Fire Station Living de Paris – France
There’s a newcomer to an otherwise typical Parisian suburban landscape of highways, railway lines, factories, and housing. In the fast-growing town of Nanterre, a fire station has become a new landmark, with a copper-colored facade that changes with the daylight.
Designed by the French architects Jean-Marc Ibos and Myrto Vitart, the fire station is also a redefinition of the building type, mixing conventional fire-fighting program elements with multifamily housing.
Ibos and Vitart became founding members of Jean Nouvel & Associates in 1985 and took part in some of that firm’s most radical projects. Empowered by the experience of combining design and construction, the two joined forces to create their own firm in 1989. Since then, they have won several competitions and completed successful projects throughout France.
The program for the 124,000-square-foot (11,500-square-meter) fire station called for space for trucks, maintenance workshops, cafeteria, relaxation area, gymnasium, shared and single rooms, offices, — and 30 apartments for firefighters’ families. Despite the complexity of the mix of functions, the building layout still follows the regulations governing the design of such vital emergency centers.
To prevent delays in responding to fire alarms, the spatial organization requires that firefighters never be more than 45 seconds from the engine room. The architects wanted to organize the program for spatial efficiency and clarity. This functionalism is the predominant characteristic of the fire station and its essential solidity.
Layer One for Work
A two-story horizontal element forms the base of the complex. It contains the heart of the rescue center, with the fire station and the maintenance spaces organized in a U-shape around a central courtyard. Workshops and garages open directly onto the courtyard, which has a black exercise tower at its center.
The main entrance of the fire station is at the corner of Avenue de la République and Avenue de l’Industrie, directly connecting with the control station office. The fire truck exit is located on the west elevation, the entrance on the east.
The dormitories for firemen without families are located on the level just above the fire truck garage. Dining rooms, leisure spaces, and offices located in the central aisle between west and east wings enjoy the benefit of a clear view to the courtyard and a good orientation to the sun. The fire station and its workshops share common access through the courtyard.
These utilitarian spaces are enclosed in a uniform skin with a deliberately simple massing in the form of rectangular boxes with sloping roofs. The composition of openings in the facade is dictated by function, not aesthetics.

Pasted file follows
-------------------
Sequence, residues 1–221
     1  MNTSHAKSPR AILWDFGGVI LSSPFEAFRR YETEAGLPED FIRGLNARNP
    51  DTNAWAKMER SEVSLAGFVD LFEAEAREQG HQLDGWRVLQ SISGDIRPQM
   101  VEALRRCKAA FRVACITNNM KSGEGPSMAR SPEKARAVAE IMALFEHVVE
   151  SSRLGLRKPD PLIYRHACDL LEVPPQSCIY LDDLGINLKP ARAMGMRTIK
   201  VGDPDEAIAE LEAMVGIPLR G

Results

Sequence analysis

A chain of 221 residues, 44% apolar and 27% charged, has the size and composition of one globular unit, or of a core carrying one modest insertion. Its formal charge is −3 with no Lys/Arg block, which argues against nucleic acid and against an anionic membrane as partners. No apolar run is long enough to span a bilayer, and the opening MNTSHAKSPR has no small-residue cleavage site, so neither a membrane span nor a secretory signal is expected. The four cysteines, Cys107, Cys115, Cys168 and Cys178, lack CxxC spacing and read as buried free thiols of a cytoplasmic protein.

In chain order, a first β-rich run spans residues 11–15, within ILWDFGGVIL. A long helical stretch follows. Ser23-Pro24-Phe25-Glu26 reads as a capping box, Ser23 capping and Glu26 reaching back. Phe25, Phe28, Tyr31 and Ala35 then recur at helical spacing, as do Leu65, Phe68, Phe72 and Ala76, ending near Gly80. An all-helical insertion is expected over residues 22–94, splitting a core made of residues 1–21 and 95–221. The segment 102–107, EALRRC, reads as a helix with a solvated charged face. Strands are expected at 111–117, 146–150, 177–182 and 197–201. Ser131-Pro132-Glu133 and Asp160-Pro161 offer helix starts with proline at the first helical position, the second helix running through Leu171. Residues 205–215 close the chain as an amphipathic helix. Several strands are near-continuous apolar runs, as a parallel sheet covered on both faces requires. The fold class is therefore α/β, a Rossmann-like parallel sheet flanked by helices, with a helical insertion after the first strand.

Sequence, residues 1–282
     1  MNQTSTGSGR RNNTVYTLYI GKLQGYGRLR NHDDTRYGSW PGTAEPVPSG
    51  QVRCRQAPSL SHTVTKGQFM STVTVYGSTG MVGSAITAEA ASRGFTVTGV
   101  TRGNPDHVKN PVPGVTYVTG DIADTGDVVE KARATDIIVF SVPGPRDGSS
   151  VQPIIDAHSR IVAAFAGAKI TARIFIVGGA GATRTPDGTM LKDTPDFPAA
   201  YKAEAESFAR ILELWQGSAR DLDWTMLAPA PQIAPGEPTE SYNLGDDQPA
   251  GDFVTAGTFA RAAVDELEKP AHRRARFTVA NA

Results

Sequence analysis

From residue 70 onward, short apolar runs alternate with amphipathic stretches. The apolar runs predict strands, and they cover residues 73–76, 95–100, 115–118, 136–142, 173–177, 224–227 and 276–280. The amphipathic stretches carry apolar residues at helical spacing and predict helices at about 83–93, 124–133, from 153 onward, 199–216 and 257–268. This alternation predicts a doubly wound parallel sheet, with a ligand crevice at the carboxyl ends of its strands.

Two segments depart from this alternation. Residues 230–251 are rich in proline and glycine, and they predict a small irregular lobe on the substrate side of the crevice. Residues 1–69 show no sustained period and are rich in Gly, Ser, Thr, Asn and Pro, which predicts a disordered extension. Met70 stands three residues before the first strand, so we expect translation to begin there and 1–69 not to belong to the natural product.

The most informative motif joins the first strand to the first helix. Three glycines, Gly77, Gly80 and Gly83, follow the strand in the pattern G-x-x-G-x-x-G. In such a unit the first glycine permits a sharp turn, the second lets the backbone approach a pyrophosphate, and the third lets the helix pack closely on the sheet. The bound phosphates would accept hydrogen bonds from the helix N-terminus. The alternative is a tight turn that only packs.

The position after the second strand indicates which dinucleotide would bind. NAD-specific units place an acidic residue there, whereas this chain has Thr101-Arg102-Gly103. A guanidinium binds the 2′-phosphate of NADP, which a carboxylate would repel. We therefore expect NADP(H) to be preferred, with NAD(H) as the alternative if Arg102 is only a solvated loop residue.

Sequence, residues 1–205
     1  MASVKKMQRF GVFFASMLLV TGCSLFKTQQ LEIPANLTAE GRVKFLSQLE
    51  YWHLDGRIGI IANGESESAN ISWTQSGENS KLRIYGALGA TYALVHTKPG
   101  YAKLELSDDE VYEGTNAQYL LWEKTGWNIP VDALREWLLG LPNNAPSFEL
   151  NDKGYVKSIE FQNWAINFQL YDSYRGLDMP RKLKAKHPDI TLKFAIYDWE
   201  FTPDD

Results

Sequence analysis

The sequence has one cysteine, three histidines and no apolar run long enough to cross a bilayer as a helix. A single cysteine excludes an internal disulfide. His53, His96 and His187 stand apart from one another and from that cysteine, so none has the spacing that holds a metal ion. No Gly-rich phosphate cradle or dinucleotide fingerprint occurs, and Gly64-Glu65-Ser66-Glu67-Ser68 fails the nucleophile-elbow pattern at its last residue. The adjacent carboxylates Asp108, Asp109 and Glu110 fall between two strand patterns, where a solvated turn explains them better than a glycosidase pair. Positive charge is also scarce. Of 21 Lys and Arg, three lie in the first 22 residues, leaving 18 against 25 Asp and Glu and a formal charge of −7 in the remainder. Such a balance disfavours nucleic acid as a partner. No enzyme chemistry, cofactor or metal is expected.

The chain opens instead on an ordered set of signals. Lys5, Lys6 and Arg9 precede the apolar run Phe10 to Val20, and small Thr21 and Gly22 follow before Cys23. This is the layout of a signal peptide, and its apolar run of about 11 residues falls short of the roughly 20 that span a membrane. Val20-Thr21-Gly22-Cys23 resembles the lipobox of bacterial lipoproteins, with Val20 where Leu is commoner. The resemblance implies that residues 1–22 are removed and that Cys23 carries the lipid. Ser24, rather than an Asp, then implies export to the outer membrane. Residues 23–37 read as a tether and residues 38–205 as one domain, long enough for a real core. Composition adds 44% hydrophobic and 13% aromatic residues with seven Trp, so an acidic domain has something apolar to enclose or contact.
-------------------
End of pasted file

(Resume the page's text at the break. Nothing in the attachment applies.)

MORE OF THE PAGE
Materials were chosen for their robustness, durability, and ease of maintenance. The lower part of the building is clad in mirrored stainless steel panels with a seemingly random rhythm of openings. Visible from the balconies of neighboring buildings, the roof of this lower part is designed as a “fifth facade.”
Layer Two for Living
The architects were faced with the problem of designing the multifamily apartments for a quality of life that seems at odds with the rigor of a fireman’s activities. So they created a second volume above and visually separated from the base. This autonomous volume overhangs the fire station and frames an urban front along the Avenue de la République.
The entrance to the apartments is along this avenue. The lobby stretches the entire length of the site; from here, elevators and staircases lead to the parking lots below and apartments above. The apartments for the higher-ranking firefighters and their families are gathered in three blocks linked by glazed bridges.
Vertical connections and kitchens are located along the noisy avenue side. The glazed bridges house the living spaces that open onto exterior terraces. Bedrooms are located on the east and west sides of the blocks. The apartments benefit from multiple views and orientations, so that no apartment opens solely onto the noise of the avenue or to the working courtyard.
The apartment block is clad with copper-toned aluminum panels, and the aluminum windows — both operable and fixed-frame types — are of the same color. Gold glass merges with yellow, orange, and red glass in the windows as an abstract evocation of the spirit of fire. The clear separation between the two distinct volumes is strengthened through the choice of cladding materials.
The architects have created a remarkable building based on the notion of efficiency and with a strong conceptual approach. References to the urban environment appear throughout the building. Steel, concrete, and asphalt are mixed with markings in red and yellow and rows of neon lights. It is a harsh environment, without compromise, that the architects created in this suburban landscape, trying to represent the daily work of the fireman.
But do the firemen really want a fire station where they are constantly reminded of the harshness of their work lives by rough surfaces of steel, concrete, and asphalt? The few I met did not seem to value the conceptual approach as much the architects.
Maybe they would prefer a smoother, softer interior for their cafeteria, relaxation area, and shared and single rooms, somewhere they could relax in a cozy atmosphere and momentarily forget their work. But maybe they just do not understand contemporary architecture.
Author: Christian Horn is the head of the architecture and urban planning office rethink
Published in « Architecture Week » on the 16th February 2005